By Jeremy Tiers, Director of Admissions Services
If you want to increase engagement and have more productive conversations with prospective students and parents, it’s important to not sound scripted and robotic.
I’ve been reminding admissions counselors about this lately as they prepare to make congratulatory phone calls to admitted students as well as financial aid calls to parents. The same thing applies to all of your virtual (or in person) events and visits.
“Don’t sound like you are reading from a script! It’s very helpful when the phone call feels more personal than to feel like you’re just another student on the list.”
Quotes like that from students continue to appear in survey after survey when we ask them to offer colleges advice on how to improve either their phone calls or their overall communication.
When you read from a script, it causes you to shift your focus away from the other person or people which then causes your delivery to lose that all-important personal touch.
Here are 8 tips that will help make your phone calls and presentations sound less scripted:
- Practice ahead of time. My daughter often asks me how I can get up and talk or give a keynote in front of hundreds of people at a conference and not be constantly looking down at my notes. The reason is simple. I’ve not only written down talking points ahead of time, but I’ve rehearsed things in my head and out loud – usually multiple times. You should do the same including playing out different scenarios of how you will respond to various questions and statements.
- Always make sure it’s a two-way conversation. Never talk at the other person, talk with them. You should lead the conversation but never dominate it. If you’re in person, consistently engage the student and/or parents through eye contact. And when you’re on the phone or in person, ask direct, intentional questions as a way to show you care about, and want to know, their opinion on different things.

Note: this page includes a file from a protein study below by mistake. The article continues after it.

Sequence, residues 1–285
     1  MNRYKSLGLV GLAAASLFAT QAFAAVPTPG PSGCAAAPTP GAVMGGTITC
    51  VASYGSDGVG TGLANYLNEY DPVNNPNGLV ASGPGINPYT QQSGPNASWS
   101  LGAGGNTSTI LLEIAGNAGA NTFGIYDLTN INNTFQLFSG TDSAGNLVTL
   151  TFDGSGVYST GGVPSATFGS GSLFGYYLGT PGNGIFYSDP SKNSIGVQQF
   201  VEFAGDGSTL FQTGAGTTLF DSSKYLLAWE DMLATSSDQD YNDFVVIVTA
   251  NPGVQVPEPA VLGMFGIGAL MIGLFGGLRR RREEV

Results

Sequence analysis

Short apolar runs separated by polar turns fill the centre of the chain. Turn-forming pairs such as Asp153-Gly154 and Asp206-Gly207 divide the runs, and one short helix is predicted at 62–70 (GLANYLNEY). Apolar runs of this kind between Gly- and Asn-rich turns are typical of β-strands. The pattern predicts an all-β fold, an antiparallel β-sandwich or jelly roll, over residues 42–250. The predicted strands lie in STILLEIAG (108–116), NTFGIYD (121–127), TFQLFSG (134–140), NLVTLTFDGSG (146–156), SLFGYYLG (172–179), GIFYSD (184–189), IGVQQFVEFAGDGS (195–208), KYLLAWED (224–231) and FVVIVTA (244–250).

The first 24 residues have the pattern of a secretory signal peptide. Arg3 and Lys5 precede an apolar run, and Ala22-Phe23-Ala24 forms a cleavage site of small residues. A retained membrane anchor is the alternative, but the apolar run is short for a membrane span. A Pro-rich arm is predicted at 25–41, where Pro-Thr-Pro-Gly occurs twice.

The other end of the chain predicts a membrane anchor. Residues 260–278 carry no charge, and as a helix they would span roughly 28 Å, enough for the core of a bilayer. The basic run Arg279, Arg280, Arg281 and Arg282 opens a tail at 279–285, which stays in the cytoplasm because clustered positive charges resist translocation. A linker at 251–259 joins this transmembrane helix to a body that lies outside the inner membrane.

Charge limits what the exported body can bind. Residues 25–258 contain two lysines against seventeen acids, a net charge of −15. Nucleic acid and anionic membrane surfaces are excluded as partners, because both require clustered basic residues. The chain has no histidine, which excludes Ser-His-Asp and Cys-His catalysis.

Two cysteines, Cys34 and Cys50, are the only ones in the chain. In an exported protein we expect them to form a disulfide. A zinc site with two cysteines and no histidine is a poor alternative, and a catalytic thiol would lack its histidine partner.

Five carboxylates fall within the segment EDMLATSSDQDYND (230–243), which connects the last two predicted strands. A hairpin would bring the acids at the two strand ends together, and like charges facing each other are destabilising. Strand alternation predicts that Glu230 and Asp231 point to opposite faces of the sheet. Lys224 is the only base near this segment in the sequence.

- Be an active listener. Building on that last bullet point, be an active listener and focus on what the other person is saying. And be prepared with follow-up questions to get more context. Doing that allows you to better understand their needs which then allows you to respond with helpful information and feedback. Active listening can also create positive emotions that impact decision-making.
- Use more conversational, less formal language. Being more conversational makes you more relatable.
- Your pace matters. Slow down, pronounce things clearly, and take pauses between thoughts or before you answer a question. It doesn’t have to sound perfect. It just needs to be authentic and helpful.
- Use the other person’s first name. Even if you’re speaking to a group, try and use as many first names as possible when answering questions or engaging others. When you do, it shows that you identify them as a person and not just another inquiry, prospect, or admitted student.
- Speak with passion and excitement. People can tell when you truly enjoy what you do and genuinely believe what you’re sharing. A passionate person cares about, and takes the time to understand, the wants and needs of the person they’re talking to. When you do this it creates a more enjoyable experience and generates excitement and other emotions and feelings that again impact decision-making.
- Speak with confidence. When you speak confidently, it completely changes your tone of voice. A confident person is almost always more believable. Conversely, a lack of confidence in your voice can make others question whether or not you believe what you’re saying, or if you completely understand it. Perception matters.
These same things apply for student callers and presenters.
If this article was helpful, go ahead and forward it to someone else on your campus who you think might also benefit from reading it.
And if you’re interested in more articles like this with tips and strategies you can use right away, you can find them here in our Admissions BLOG.